8. Poshmark
Although Twitter, Facebook and Instagram are the most popular social selling platforms, there are niche marketplaces that also function as their own social networks. One such marketplace isPoshmark, a website and mobile app for buying and selling fashion. Like on Instagram, sellers first take a photo of each product and post it to Poshmark with the item and pricing details. Customers can also like listings, as well as leave comments and follow sellers. Unlike Instagram, however, customers can make purchases directly through the service via the Buy button. Poshmark takes care of all the back-end processes, so the only thing sellers have to do is ship the item to get paid.

9. Facebook for Business
Facebook for Business is the one-stop shop for finding out which types of Facebook selling campaigns will work best for your business. The service lets you create Facebook pages and purchase Facebook ads, as well as integrate Facebook into your website or mobile app. Facebook for Business helps merchants create buzz, find new customers and drive sales, using one centralized hub. The service also includes analytics tools that provide key insights and measure campaign performance.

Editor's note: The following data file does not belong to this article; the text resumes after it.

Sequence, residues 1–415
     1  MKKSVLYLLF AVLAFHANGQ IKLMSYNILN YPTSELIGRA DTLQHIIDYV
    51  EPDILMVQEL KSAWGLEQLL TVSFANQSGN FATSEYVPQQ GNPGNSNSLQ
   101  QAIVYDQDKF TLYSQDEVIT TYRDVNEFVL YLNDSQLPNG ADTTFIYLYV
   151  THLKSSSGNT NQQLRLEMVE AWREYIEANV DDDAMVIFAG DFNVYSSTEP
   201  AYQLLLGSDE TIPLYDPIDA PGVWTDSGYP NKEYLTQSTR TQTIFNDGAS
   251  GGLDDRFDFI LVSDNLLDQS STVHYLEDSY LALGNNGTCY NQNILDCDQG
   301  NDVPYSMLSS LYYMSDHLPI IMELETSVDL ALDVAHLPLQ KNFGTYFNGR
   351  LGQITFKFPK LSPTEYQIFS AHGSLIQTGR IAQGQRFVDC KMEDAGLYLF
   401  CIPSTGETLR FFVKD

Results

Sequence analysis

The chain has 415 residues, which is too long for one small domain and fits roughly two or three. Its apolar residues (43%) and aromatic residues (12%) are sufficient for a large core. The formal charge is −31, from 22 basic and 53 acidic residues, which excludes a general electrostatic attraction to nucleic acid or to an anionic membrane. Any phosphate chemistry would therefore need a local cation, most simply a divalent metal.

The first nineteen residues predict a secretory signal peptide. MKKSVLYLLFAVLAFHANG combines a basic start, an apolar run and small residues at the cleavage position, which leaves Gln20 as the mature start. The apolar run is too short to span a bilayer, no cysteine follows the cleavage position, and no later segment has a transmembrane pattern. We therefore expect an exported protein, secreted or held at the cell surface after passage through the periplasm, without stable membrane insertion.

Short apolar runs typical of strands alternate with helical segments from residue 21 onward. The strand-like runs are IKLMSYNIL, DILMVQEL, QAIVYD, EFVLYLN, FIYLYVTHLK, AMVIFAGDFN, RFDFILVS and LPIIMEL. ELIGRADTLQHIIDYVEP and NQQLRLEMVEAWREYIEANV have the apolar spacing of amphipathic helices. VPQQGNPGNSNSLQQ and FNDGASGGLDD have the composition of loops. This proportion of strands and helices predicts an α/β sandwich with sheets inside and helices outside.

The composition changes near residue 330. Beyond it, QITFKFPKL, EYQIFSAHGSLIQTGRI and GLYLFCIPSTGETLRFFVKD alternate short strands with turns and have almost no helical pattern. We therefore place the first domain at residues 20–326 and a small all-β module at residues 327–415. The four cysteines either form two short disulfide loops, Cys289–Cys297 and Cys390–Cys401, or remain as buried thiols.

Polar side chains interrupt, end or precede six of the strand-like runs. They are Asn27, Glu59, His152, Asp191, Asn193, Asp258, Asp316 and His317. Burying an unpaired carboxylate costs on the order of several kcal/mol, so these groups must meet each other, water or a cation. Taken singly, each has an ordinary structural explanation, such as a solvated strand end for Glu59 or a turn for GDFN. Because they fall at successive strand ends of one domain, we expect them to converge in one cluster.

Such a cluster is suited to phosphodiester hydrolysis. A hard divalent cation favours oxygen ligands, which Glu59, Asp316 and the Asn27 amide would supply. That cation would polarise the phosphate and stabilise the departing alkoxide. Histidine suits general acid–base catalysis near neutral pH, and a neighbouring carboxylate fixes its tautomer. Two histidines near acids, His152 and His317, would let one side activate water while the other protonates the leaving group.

10. Pinterest for Business
There's a saying that consumers don't trust brands; they trust their friends. That's essentially the principle behind Pinterest for Business, which lets businesses create Pinterest accounts as a brand. In addition to pinning items just as regular users can, businesses can add the Pin It button wherever their items appear on the Web. For example, e-commerce website Etsy added the Pin It button to each individual listing — when Pinterest users click on the Pin It button, the corresponding Etsy item will be added to their Pinterest boards for their followers to see. These pins include the seller's shop name and pricing information, so viewers know the item is for sale. The idea is to drive traffic, grow followers and ultimately boost sales based on other Pinterest users' recommendations.

By Sara Angeles, BusinessNewsDaily Staff Writer

Originally published on Business News Daily.


Credit: Social media image via Shutterstock